Behind the Scenes of Prom

By: Andrea Morelos

FSSA’s prom venue in Flushing Meadows Corona Park.

As the weeks of rain and 40° weather come to an end in New York City, summer’s creeping up fast on the 2023 seniors at Frank Sinatra School of the Arts (FSSA). All throughout the halls, the anticipation for the most American high school tradition builds along with the heat of the new season, and everyone seems to only be talking about one thing: PROM. From 7pm to 12am on June 15th, FSSA seniors will get the chance to dance the night away inside the Terrace on the Park venue in Flushing Meadows, Corona. But aside from the chatter of dresses, dates, rental suits and nail appointments, what’re some of the prom planning details and what are FSSA students saying about the event?

A student can expect their seat at the prom to be secured as soon as Mrs. Castro receives their ticket payment of $150. After their contribution, the students aren’t really filled in on where their money goes and how the entire party is orchestrated.

Without giving away the stock of prom surprises for the June night, Ms. Pridgen, assistant principal of guidance, walked through a couple of the most interesting and unheard-of party details.

She says that for many years, FSSA had always held their prom at the Water’s Edge, a dazzling venue in Long Island City, overlooking the East River and the Queensboro Bridge. 

“Unfortunately, the Water’s Edge closed abruptly in 2015, and we had to find a new venue for the prom. We started having the prom at Terrace On The Park, a venue that would provide an atmosphere for a special and beautiful prom,” she says.

The venue location has not changed since 2015. As for the actual set up at the venue, no additional decorations or prep is done on behalf of the FSSA staff, but Ms. Pridgen makes sure to arrive at the venue hours before the event to greet the vendors. Even after the chaos of the party, the school staff does no post-party work.

“There is no clean up committee needed. The staff at the venue will take care of the clean up,” she says.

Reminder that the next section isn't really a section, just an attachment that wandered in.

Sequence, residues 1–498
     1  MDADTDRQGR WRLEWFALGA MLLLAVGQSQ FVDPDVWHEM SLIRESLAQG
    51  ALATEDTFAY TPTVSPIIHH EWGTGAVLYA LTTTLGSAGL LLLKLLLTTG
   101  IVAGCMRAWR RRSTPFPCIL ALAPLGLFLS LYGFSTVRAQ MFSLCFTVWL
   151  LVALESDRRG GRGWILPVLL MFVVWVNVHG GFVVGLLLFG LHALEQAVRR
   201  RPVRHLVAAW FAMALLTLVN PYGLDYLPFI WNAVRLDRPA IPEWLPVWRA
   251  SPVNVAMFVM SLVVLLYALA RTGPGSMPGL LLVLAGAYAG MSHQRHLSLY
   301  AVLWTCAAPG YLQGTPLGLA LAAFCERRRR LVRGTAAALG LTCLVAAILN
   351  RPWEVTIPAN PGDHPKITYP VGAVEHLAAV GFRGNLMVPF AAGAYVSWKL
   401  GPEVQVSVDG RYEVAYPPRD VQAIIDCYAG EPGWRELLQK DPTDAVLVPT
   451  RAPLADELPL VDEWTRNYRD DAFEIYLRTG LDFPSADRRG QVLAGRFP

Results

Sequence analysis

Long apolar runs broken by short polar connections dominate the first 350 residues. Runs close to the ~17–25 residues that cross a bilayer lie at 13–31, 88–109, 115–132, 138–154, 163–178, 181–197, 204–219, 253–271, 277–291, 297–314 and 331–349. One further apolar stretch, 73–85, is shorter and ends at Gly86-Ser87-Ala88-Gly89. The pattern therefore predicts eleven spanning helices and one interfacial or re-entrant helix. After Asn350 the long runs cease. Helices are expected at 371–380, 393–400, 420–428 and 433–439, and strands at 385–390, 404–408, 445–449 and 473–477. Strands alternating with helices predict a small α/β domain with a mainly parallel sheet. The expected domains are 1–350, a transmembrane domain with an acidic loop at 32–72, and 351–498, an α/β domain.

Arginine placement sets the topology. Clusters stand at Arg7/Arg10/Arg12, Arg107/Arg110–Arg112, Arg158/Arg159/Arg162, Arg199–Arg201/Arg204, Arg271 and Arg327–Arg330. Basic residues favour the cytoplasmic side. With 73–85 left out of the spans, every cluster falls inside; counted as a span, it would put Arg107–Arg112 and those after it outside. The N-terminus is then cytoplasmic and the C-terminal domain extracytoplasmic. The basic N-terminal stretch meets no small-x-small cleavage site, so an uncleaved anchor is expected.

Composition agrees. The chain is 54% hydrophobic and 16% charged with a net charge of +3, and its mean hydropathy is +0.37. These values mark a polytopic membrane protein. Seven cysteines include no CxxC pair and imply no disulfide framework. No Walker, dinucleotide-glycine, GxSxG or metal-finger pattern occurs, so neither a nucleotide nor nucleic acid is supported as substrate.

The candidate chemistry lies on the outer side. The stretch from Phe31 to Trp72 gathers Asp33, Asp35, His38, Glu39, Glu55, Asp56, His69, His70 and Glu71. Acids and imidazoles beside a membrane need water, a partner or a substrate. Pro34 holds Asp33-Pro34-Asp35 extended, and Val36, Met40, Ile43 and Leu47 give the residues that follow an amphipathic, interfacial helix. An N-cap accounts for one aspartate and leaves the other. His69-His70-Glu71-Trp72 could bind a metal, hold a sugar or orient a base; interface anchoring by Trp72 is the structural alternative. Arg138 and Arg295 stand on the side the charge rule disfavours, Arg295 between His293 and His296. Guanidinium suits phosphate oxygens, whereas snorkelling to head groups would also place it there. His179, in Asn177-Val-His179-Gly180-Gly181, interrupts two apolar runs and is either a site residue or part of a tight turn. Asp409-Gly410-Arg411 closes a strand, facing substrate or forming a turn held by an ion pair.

Though FSSA staff members don’t take care of the venue themselves, Ms. Pridgen informs that many employees and teachers can still make a presence at the event.

 “All Frank Sinatra staff members are invited to attend the prom Cocktail Hour. Staff members love to come celebrate with the students at the prom, even if it’s just for an hour,” she says.

Much of the school community show up to the party for fun, but a handful of those staff members serve as chaperones for the night, watching over the students and ensuring that the ruckus remains reasonable. There’s a limited number of chaperones invited to the prom each year. Student requests for the staff members most wanted at prom are typically voiced to Ms. Pridgen herself.

The real surprises in store for the students will remain a secret until the night of the prom, but students can expect a DJ, food and drinks, and a special party favor. To many students, the price tag of $150 seems ridiculous for a single night, but the cost of a students’ prom ticket directly pays off all of these (and more) party details . The ticket cost covers the payments for the venue, vendors, and entertainment. There is absolutely no profit made from the ticket payment for prom.

Students are planning their Prom outfits.

However, much of the FSSA community agrees that no matter how many prom surprises there may be, the price itself prohibits a lot of students from attending. The deadline for payments was originally the 2nd of May, and students who checked in with Mrs. Castro two days before the deadline were baffled to hear the lack of popularity in the event.

“Actually, we only have 64 people who have paid for prom. And that’s including the couple people who have paid for two tickets,” says Mrs. Castro.

The deadline was then changed to May 17th in a final attempt to gather more of a crowd. Following up a week later, Mrs. Castro reports 183 sold tickets, more than half of the FSSA Senior population.  The amount of people opting out of prom isn’t surprising. The payment is in addition to the cost of senior dues and the optional senior trip.

“It adds up. It’s $530 for everything, if you think about it,” Mrs. Castro says.

And that price doesn’t include the cost of dresses, transportation, hair, make up, shoes, nails and other side expenses many students deem necessary.

Nathan McBride, a senior vocal major who’s teetering on the choice between showing up and missing out, says he wishes prom costs were lowered.

“I can pay $20 to go to the beach with my friends instead of $150 for a few hours inside a party. [Prom] is definitely not a privilege everyone has, but it’s also once in a lifetime,” he says.

Jordyn Benda, a senior film major who bought her prom dress as early as February 2023, says she would personally never miss out.

For many, prom is a must-do bucket list item before high school graduation. For others, it’s a waste of money.

Nevertheless, the FSSA staff promise a night full of memories, fun, and laughter for those who do decide to go, claiming it  “a night to remember” long after graduation day.